Education Talks: Flipping the classroom in science lessons and beyond
- Reading time: 7 minutes
Is the flipped classroom en route to replacing the traditional classroom? Is e-learning our destiny? As founder of Unicoos and a nominee for the Global Teacher Prize 2017, David Calle is well acquainted with this topic. He took some time out of his busy schedule at the Education Summit to talk to us about it.
Research suggests educational videos may be more effective than a teacher with textbooks: why?
I think that books are important. Evidently they are there. I studied with books. I love books. But these new generations, the children who are in class right now, they spend all their free time on YouTube. YouTube is their playground. They are very used to the audiovisual format, and everything that arrives in audiovisual format they get a lot better. Obviously, it is much better, like I always say, to show a video of an explosion than a photo of an explosion in a book. So, in my case, I think video in particular is a fundamental tool and can help teachers a lot at the time of teaching and especially to connect with their students.
How do you think the idea of flipped classrooms will develop in the future?
There are already many teachers in the world working with the flipped classroom. They are using video usually in class, and I think the breakthrough is going to be unstoppable in the next 3 or 4 years. For me it is fundamental, not to replace the work of a teacher or anything like that, but to be able to help to achieve that those kids, who often find especially science subjects less likeable, can be engaged much more. I also teach students in person, and they always like what the videos tell them better than what I tell them in class. In fact, it will make it so that a teacher has to be more creative and do much more different things than what they actually or usually do in class.
As a nominee for the Global Teacher Prize 2017, what would be your advice for the delivery of a good science lesson?
First of all, try in any subject, it does not matter if it is science, to transmit the greatest possible enthusiasm to your students, empathise with them and let them participate in class. I think we should abandon, especially in science, the idea that the teacher only has to speak and the students can only listen, and I think we should participate and empathise and talk a lot more with them. From there, I try to give them examples of superheroes, movies, of all the things that they are keen with from the real world, so they can relate the numbers and the letters and the equations they see on paper and do not know very well what they are for. They try to relate to the real world and I explain why a plane flies, or that the bridge they go through every day responds to a mathematical equation, or that if there were no mathematics, they could not play their video games because video games are about physics and mathematics. And if I try to link their passions with the sciences, well, much better, and that is what I try in the videos almost always.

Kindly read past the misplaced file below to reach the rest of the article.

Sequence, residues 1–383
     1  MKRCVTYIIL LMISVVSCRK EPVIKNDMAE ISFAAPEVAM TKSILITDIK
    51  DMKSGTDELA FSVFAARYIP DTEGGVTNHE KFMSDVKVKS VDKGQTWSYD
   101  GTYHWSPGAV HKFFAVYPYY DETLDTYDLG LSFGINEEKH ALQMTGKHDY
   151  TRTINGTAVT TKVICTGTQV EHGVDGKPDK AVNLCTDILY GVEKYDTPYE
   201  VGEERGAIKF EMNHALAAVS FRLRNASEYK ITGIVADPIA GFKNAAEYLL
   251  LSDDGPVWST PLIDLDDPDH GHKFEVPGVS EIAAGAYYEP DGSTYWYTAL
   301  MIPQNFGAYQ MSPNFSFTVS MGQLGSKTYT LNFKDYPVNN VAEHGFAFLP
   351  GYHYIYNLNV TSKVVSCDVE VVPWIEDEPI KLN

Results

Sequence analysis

Do you see more integration of e-learning into the curriculum in the future?
I think we teachers should little by little start introducing all those small dynamics, or in our class dynamics, all those little technological innovations that allow our students to understand the sciences from different angles. It cannot be that we continue teaching the sciences in the same way as when I was little for example, when there was no Internet or no Google. We must make the most of the computing power of computers, mobile phones, social networks, Twitter, Instagram, Facebook, YouTube, definitely. Because it makes the kids connect more what they see in class with the real world – because if not, they are faced with two different worlds. And we teachers need to start introducing little by little that type of dynamics. Not just social networks, but augmented reality. All you need is a mobile and some cardboard glasses for children to see the Sistine Chapel from inside, or the bottom of the sea, or space. So, everything that we can introduce little by little in class that has to do with technology will make the students go to the class more motivated, participate more, and that obviously improves the way in which science is taught right now. Above all, considering that in the future, these kids are going to work with technology practically every day, and job opportunities of the future and of tomorrow go through artificial intelligence, machine learning, and many other concepts that have to do with science. And the sooner we introduce the kids or get them to discover the passion for science is much better. And little by little, the teachers, we must try, at whatever cost.